Does anybody compile a nonpartisan list of political dirty tricks?

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Why even bother with telephones anymore?

Sheetrock Sheetrock writes  |  more than 8 years ago Just stumbled across this unfortunate bunch of people. What's important for them to keep in mind -- between the five calls a day from a fake phone number attempting to get their credit card information or trying to help their elderly parents recover from the same scam -- is that when they turn on their television or their radio they can be assured no prurient or otherwise entertaining content will sneak through.

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Workaround?

Sheetrock Sheetrock writes  |  more than 8 years ago

Set up a transparent proxy to block the things? Squid+Squirm+Virilator, and a tiny bit of coding, to recognize every WMF file as a virus by its header till things blow over?

Edit Privoxy to permit binary regex matching?

Hook the appropriate parts of kiServiceTable, per the recent DRM flap, and simply prevent any file with a WMF header from being opened? Just the ones that look funny or all of them to take no chances?

Use the apparently preferred method of replacing the callback for the Windows Executive Object for file access, and have that block WMF reads?

EDIT: As just seen on Bugtraq -- Update Sunbelt Kerio Personal Firewall with two IDS rules. If it provides full coverage network-wise for the computer this is actually a pretty nice option for individual client systems; the software is downloadable and usable for 30-days, after which it removes some features and becomes free for personal use or (for a limited time) is available for $14.95. It's also in my kit for the occasional friends/family/friends of family visits when I gotta clean a computer up and leave something behind to try to stop it from happening again.

Five days ago I was forced to reauthenticate software I paid for, entered a CD-KEY into, and authenticated over a year ago because the addition of a virtual device exceeded the number of changes I was permitted to make to my computer.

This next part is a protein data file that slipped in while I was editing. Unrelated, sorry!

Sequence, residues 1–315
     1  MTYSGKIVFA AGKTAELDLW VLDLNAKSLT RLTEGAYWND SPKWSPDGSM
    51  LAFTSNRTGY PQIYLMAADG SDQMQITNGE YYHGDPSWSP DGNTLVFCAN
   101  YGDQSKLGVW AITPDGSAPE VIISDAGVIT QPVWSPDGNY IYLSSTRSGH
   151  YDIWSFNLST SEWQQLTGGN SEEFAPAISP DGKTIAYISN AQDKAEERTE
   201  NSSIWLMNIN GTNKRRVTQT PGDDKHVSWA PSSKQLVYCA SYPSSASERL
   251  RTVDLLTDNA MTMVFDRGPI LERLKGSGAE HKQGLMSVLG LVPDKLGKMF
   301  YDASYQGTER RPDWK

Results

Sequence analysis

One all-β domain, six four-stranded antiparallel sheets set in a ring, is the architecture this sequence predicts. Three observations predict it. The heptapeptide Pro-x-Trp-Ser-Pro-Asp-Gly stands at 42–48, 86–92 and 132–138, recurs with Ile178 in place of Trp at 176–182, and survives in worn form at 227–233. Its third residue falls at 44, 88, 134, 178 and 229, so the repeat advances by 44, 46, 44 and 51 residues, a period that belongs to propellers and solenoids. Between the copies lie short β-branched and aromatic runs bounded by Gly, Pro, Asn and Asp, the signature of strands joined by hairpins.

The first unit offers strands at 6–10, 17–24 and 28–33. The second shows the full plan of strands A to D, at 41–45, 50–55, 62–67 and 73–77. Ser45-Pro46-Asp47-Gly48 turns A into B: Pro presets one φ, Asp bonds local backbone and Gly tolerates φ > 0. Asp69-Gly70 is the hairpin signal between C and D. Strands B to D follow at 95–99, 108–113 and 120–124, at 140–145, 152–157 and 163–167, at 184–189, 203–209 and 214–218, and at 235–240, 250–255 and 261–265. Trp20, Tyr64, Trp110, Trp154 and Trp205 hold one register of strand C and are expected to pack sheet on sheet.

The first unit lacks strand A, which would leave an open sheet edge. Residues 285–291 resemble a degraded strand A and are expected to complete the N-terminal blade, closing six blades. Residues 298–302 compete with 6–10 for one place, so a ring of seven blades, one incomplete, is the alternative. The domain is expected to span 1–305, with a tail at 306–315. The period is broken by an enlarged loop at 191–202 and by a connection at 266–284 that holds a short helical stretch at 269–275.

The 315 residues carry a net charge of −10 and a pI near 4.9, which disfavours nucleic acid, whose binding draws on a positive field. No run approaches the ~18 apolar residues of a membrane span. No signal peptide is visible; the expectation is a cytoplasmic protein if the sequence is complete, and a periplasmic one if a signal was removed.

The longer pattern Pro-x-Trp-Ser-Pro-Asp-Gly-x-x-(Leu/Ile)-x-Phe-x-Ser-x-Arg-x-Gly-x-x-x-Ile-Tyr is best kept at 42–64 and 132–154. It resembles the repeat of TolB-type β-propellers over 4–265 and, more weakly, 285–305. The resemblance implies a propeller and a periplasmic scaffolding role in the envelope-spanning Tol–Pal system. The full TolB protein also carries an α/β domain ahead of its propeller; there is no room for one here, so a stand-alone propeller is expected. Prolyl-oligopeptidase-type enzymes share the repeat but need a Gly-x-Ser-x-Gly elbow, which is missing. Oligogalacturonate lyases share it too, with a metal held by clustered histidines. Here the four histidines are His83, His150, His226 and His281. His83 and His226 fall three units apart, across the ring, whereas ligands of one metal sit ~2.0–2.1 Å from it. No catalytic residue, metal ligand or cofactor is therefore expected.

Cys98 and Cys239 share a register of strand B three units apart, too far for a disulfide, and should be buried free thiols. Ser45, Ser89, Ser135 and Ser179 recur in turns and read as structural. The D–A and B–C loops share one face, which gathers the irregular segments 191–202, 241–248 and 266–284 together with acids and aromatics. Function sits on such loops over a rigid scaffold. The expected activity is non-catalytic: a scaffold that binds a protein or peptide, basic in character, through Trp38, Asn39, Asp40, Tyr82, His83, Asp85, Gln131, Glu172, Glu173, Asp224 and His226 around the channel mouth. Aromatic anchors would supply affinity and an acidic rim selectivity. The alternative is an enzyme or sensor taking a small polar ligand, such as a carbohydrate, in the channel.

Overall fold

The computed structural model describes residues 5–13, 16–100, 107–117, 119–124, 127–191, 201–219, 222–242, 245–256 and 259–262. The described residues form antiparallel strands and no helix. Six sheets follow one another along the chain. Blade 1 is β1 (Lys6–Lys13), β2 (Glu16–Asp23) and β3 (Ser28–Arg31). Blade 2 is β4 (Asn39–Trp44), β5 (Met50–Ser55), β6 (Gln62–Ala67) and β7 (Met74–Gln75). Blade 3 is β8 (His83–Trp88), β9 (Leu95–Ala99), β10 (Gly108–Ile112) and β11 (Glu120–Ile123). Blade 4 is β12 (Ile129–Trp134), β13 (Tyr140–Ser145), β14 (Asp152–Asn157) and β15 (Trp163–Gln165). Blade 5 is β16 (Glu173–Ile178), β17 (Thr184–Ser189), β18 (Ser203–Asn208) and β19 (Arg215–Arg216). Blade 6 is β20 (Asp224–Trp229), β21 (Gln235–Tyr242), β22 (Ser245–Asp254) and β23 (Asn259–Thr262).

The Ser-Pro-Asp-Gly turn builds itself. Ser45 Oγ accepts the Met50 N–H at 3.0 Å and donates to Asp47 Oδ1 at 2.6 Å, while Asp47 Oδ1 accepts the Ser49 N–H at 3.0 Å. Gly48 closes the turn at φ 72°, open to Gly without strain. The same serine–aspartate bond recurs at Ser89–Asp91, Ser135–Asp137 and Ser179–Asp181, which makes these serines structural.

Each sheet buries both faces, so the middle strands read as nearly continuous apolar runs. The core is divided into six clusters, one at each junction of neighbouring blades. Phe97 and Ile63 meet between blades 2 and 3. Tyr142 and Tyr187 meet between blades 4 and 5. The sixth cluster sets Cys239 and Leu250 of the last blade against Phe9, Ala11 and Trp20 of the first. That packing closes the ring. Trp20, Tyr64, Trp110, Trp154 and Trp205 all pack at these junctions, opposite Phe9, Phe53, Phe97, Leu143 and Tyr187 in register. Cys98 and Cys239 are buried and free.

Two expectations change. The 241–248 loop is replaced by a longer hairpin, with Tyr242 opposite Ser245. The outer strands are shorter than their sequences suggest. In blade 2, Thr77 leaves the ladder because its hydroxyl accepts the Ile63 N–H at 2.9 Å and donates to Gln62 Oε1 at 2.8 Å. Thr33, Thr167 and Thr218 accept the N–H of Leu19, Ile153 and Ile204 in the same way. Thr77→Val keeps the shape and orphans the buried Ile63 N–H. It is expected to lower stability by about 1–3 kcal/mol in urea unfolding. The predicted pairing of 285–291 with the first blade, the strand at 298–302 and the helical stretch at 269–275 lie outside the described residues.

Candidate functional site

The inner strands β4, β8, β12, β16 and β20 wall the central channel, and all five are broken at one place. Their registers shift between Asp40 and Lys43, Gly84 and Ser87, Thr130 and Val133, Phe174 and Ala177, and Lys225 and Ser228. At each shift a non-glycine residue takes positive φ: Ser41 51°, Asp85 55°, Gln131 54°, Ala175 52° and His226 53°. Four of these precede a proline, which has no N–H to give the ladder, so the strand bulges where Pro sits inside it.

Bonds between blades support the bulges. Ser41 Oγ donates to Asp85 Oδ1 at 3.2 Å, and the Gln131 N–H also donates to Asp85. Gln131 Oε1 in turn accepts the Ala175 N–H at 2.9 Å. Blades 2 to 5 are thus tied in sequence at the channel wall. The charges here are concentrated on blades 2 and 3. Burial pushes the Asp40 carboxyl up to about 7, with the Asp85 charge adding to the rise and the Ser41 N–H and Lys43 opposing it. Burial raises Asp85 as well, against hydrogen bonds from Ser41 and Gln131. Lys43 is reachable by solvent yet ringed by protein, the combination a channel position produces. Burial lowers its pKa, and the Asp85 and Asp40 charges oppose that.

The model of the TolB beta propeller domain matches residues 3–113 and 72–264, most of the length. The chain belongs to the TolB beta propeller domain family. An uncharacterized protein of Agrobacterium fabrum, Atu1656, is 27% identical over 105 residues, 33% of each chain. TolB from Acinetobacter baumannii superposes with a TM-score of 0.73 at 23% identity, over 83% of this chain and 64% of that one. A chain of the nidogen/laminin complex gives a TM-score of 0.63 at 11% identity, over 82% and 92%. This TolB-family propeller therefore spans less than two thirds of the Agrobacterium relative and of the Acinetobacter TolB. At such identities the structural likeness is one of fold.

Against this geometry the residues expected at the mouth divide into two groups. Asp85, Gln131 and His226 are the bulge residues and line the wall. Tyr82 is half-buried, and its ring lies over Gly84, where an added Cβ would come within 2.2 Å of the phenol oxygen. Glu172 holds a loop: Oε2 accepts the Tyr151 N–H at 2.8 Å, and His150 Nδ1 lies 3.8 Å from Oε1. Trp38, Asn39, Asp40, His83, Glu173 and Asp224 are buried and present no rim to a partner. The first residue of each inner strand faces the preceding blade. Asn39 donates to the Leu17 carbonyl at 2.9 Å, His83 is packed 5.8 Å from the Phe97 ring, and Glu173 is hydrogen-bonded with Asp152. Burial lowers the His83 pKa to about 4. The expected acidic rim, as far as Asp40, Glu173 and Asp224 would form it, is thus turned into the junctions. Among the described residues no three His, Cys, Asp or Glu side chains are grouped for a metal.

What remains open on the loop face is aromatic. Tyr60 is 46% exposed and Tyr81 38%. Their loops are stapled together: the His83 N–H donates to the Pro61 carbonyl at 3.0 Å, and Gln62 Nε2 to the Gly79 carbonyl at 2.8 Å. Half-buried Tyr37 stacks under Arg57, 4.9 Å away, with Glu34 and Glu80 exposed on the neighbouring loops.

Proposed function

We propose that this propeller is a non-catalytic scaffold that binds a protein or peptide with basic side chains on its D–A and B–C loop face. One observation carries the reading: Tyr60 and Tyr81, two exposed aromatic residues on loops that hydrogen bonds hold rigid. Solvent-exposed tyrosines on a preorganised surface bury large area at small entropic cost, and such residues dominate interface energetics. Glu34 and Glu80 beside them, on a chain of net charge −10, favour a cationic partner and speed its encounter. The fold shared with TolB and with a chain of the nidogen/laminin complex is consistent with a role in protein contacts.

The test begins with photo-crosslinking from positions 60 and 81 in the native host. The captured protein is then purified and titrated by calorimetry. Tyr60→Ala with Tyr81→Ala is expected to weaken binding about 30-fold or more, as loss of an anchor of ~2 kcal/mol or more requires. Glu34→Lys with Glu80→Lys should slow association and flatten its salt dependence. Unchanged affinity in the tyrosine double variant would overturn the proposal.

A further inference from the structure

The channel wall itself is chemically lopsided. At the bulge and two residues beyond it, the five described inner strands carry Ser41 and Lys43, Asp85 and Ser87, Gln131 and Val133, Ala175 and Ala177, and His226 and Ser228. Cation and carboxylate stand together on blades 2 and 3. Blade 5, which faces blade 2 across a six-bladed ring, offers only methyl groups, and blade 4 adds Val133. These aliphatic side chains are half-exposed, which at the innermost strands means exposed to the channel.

So as far as computers go, this has certainly been a week to reflect on how fortunate it is that my primary platform is the second, better operating system on this computer: one that is broken neither by accident nor by design. And here's to hoping I didn't just curse my luck by saying that.

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Sheetback: exciting, tweaking, lengthy

Sheetrock Sheetrock writes  |  more than 8 years ago

I've been about to write a journal entry maybe three or four times since my last one, consequently there might be enough here to be of some substance.

First, some exciting news

For a limited time my two most popular signatures are being offered as a combination. Can't decide? Why should you have to! Now you can correct movie trivia and grammar in the same offtopic post. Valid while supplies last.

Firefox HTML/CSS tweaking

I don't know when the Slashdot contest for developing alternative stylesheets is going to get off the ground, but if you're looking to get a head start on the action I've discovered a free tool for Firefox users that helps greatly with the debugging process: Firefox Web Developer Extension. I've had the misfortune of working with CSS/HTML lately and while I tend to avoid WYSIWYG HTML editors and the like this utility is now indispensable.

Aardvark also deserves a mention. This tool is quite nice for "cleaning up" a web page for printing -- for example, you can move the mouse over a CSS block, press "E", and it will remove the block from the page. Also for Firefox.

Lengthy Windows rambling

I'm no master of the Windows Debugger (WinDbg, freely available from Microsoft), but it's nice to have around for diagnosing system crashes. If you don't know about it and you're troubleshooting any 2000/XP machines you should get acquainted, and I'll explain why.

For many people, the diagnosis stops at the STOP screen. You get a cryptic and mostly useless message about IRQL_LESS_THAN_EQUAL or some similar bullshit with a list of hexadecimal numbers. Savvy individuals write down the message, the numbers, and any other information (ntfs.sys?), walk over to a functioning Internet-connected system, and punch something like "STOP 0x0000000a" into Google. Which gets you a Microsoft support article explaining that 0x0000000a is a code for IRQL_LESS_THAN_EQUAL. Fantastic.